Prenatal diagnosis and outcome of fetuses with isolated agen
The objective was to evaluate the postnatal outcome of children with a prenatal diagnosis of apparently isolated agenesis of the septum pellucidum agenesis (ASP).

A retrospective cohort study of cases of prenatally diagnosed ASP followed in 2 tertiary centers and a meta-analysis of existing studies was carried out. Only cases with apparently isolated ASP at the antenatal ultrasound and/or MRI and available postnatal follow-up were considered eligible for this study.

The following outcomes were analyzed: incidence of chromosomal anomalies, the agreement between antenatal and postnatal findings, the overall incidence of SOD (septo-optic dysplasia), and the incidence of major neurological disability (motor, language of behavioral disease) in non-SOD children. The incidence of SOD in those cases with apparently normal visual pathways at antenatal imaging was also evaluated.

Fifteen cases of isolated ASP with a median postnatal follow-up of 36 months were selected from the two Centres. Six studies met the inclusion criteria for the systematic review and a total of 79 cases were eligible for the analysis, including our series.

- Genetic tests were antenatally carried out in 30 fetuses and turned out to be abnormal in 2 of them.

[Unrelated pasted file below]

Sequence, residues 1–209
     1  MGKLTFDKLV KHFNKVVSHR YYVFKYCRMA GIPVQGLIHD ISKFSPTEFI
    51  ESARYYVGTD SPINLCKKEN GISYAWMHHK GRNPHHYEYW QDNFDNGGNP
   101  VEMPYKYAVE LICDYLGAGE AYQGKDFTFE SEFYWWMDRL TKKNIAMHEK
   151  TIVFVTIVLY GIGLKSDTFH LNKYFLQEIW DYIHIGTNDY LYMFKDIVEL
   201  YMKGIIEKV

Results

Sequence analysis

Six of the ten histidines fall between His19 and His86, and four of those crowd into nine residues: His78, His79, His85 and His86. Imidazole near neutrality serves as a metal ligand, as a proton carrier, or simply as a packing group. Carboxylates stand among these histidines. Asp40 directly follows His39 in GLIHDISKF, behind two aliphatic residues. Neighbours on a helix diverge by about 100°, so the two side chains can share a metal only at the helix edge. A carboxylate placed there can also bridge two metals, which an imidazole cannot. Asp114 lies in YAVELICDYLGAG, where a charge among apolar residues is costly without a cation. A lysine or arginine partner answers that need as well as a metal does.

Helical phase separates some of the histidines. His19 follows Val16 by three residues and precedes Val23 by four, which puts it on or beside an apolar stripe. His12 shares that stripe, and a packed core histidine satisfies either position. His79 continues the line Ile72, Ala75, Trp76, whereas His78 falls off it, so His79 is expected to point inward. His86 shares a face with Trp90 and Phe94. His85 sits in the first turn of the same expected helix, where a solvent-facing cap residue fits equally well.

- Additional or discordant imaging findings were postnatally noted in 9/70 patients; Among the 79 neonates with available follow-up, SOD was postnatally diagnosed in 14 cases.

- In 60 cases Optic nerves or optic tracts were considered to be normal at antenatal imaging; among them, a diagnosis of SOD was carried out in 6 cases.

- Among the 46 infants with an available neurological follow-up that were not affected by SOD, a major neurological disability was diagnosed in 3.

In the vast majority of cases with apparently isolated ASP, the prognosis is favorable. However, additional anomalies are detected after birth in about 10% of these cases and have a negative impact on the clinical outcome. The antenatal visualization of the optic tract does not rule out SOD.

Ultrasound in Obstetrics & Gynecology
Source: https://doi.org/10.1002/uog.23759
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